“I think Tony’s unpopularity at the moment – Tony is basically a very nice bloke. A less nice bloke would have moved heaven and earth to stop Gordon. I went back to help Gordon, Peter went back to help Gordon, Tony helped Gordon. Once Gordon became Prime Minister, Tony vacated the field, partly to let Gordon get on with it. The consequence of that, I’m afraid, is that Tony has become defined by Iraq, making money, about which you only ever hear one side, you don’t hear what he does with it, like employ 200 people, like having operations in 23 different countries, doing pro bono, and then if you’re getting defined negatively constantly by the Mail and the Telegraph – you’d think Tony was still Prime Minister some days the way they go on about it – and of course he doesn’t have the infrastructure to fight back, nor does he have the inclination.”

He was asked about Labour supporters who felt that Blair had sold the party’s soul. “I don’t accept that,” he said. But people feel that Blair sold Labour’s soul, persisted one of the students.

“This is my problem with populism. Populism isn’t about the reality, it’s about how people feel and you have to challenge those feelings.”

Then he went from defending the New Labour record to trying to shape the politics of the future: his current campaign against Brexit, which he called, referring to Blair's recent speech, Operation Rise Up. “Brexit can be stopped,” he said. He was asked what he would have advised Corbyn and Keir Starmer, the shadow Brexit Secretary, to do.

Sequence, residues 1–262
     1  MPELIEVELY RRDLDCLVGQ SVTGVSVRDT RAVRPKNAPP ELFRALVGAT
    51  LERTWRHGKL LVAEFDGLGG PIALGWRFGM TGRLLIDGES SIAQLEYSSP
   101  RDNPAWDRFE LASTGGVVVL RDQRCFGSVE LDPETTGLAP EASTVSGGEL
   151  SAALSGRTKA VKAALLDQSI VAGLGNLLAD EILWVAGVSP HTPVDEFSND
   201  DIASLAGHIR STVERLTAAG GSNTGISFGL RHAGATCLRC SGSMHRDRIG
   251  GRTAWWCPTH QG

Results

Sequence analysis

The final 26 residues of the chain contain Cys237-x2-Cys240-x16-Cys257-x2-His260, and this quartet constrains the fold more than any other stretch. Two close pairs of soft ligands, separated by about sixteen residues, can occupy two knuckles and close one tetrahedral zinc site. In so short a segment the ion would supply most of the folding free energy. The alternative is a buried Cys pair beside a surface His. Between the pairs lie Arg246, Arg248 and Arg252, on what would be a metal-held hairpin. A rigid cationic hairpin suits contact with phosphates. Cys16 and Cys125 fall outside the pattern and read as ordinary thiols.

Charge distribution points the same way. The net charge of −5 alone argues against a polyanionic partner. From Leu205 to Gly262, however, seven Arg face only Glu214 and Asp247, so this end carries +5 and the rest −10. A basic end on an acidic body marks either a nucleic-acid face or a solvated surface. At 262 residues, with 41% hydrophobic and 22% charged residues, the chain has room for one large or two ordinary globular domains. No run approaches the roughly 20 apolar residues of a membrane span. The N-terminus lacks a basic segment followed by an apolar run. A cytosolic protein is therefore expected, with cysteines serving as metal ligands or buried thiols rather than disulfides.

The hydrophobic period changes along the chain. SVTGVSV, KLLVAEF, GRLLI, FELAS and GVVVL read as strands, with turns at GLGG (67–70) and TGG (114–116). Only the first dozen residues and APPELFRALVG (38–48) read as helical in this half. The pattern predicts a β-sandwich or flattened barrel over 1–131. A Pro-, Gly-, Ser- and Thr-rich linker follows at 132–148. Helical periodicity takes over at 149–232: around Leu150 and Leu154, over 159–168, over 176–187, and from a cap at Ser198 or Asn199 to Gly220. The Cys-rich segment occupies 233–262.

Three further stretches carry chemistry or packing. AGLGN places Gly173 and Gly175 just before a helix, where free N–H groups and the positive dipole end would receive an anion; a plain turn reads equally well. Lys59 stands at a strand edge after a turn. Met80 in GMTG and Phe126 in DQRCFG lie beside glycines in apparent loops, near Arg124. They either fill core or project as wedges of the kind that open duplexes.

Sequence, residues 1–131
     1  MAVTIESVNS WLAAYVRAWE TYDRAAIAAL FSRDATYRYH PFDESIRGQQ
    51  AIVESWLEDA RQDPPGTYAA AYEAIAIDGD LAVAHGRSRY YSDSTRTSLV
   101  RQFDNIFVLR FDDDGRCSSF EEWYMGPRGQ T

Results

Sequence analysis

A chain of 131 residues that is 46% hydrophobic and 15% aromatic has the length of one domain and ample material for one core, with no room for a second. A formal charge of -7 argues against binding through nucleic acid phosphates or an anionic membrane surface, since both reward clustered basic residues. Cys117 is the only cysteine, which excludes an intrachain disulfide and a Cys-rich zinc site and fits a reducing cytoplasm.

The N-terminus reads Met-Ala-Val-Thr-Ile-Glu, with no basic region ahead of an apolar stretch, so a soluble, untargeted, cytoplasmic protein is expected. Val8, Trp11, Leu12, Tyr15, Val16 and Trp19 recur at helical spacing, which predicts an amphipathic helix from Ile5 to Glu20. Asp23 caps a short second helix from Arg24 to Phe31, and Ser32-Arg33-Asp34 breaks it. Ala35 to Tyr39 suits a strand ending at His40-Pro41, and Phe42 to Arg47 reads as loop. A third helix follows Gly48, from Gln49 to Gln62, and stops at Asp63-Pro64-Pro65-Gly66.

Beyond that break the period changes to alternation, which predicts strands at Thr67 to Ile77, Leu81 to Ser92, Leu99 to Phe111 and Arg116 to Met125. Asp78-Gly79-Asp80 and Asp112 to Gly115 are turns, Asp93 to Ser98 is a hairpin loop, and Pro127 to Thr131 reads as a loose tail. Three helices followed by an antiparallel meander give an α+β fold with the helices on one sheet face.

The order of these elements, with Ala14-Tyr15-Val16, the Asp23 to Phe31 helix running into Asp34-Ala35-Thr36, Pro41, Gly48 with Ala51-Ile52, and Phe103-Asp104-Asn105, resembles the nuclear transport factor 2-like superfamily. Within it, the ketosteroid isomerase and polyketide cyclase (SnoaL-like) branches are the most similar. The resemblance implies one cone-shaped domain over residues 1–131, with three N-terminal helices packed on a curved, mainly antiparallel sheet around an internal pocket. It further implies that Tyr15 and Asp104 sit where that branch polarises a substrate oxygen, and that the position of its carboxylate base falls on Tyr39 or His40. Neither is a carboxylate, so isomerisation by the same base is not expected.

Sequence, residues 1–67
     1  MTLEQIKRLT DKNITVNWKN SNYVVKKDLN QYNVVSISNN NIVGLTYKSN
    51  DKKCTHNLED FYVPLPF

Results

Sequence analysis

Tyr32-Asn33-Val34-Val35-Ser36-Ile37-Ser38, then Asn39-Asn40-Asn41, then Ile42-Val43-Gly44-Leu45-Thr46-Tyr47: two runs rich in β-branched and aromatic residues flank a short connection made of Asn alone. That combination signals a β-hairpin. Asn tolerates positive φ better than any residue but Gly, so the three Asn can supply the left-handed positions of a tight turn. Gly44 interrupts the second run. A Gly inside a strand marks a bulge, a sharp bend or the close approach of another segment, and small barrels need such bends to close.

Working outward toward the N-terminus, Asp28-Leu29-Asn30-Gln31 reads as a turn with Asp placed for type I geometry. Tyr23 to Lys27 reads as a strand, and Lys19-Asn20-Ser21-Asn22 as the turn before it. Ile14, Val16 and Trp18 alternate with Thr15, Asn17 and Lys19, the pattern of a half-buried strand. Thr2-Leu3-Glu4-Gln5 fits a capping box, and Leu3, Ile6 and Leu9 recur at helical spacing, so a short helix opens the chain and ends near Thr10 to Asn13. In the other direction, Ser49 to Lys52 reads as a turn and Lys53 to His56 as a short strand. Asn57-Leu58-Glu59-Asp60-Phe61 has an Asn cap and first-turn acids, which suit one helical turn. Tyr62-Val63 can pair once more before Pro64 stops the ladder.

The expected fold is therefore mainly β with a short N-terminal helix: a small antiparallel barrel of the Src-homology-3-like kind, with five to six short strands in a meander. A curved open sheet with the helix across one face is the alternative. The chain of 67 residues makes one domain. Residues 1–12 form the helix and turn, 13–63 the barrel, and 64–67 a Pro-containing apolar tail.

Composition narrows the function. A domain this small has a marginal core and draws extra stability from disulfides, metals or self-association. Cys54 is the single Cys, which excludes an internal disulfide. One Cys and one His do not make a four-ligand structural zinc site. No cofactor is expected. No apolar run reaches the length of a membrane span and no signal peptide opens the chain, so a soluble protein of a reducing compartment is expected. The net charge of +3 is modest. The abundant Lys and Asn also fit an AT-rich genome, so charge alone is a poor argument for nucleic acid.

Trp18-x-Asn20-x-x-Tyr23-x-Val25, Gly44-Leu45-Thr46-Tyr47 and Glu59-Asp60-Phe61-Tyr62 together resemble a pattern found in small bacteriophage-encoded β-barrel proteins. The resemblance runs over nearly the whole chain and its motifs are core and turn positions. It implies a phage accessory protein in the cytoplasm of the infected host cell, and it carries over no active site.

“The referendum result has to be respected. What that could and should have meant: If I had been advising Labour I would have said its position should have been as follows. The Tories have the numbers. So it’s going to happen. Article 50 is the process that follows legitimately from the referendum. Our system is that you have a government and an opposition. And our position is that, as it’s happening, we are going to hold them to account every step of the way. That means it doesn’t matter whether we vote for or against, so we’ll vote against, just to remind them this was a close call. You might have had a few rebels on that – not many. Instead of which, we had MPs on all sides standing up and making speeches and saying this is a terrible course therefore I’m going to vote for it. Which just feeds people's cynicism.”

He mentioned Pat McFadden, a Labour MP for a strong Leave constituency: “That’s tough politics. But I believe, he believes, that if you had a leader and a campaign that was strong you could turn this around.

Alastair Campbell with the Blair Years class (and The New European and the fifth volume of his Diaries)

“There is a real feeling out there.” As well as arguing with Nigel Farage on breakfast TV that morning, Campbell had spoken at an anti-Brexit rally on Saturday afternoon, which attracted 80,000 people. “That’s not nothing. My rule on marches is for every person who turns up, 10 thought about it. That’s how I knew there was such opposition to the Iraq war. There were a million people on the march, that means 10m thought about it.”

We were grateful to Campbell for taking time out from bashing Farage in the morning and urging people to rip up the Daily Mail in the evening to come to our class, and didn’t mind that he used the class photo at the end (above) to promote his Diaries and The New European, the anti-Brexit newspaper for which he is Editor-at-Large.